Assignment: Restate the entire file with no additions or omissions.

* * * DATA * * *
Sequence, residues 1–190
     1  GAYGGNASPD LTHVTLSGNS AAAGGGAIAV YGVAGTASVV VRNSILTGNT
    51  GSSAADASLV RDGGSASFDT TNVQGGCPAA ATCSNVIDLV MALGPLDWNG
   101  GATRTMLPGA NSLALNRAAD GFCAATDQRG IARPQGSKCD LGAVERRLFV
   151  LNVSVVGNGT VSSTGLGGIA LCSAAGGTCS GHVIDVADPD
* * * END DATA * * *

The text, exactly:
Sequence, residues 1–190
     1  GAYGGNASPD LTHVTLSGNS AAAGGGAIAV YGVAGTASVV VRNSILTGNT
    51  GSSAADASLV RDGGSASFDT TNVQGGCPAA ATCSNVIDLV MALGPLDWNG
   101  GATRTMLPGA NSLALNRAAD GFCAATDQRG IARPQGSKCD LGAVERRLFV
   151  LNVSVVGNGT VSSTGLGGIA LCSAAGGTCS GHVIDVADPD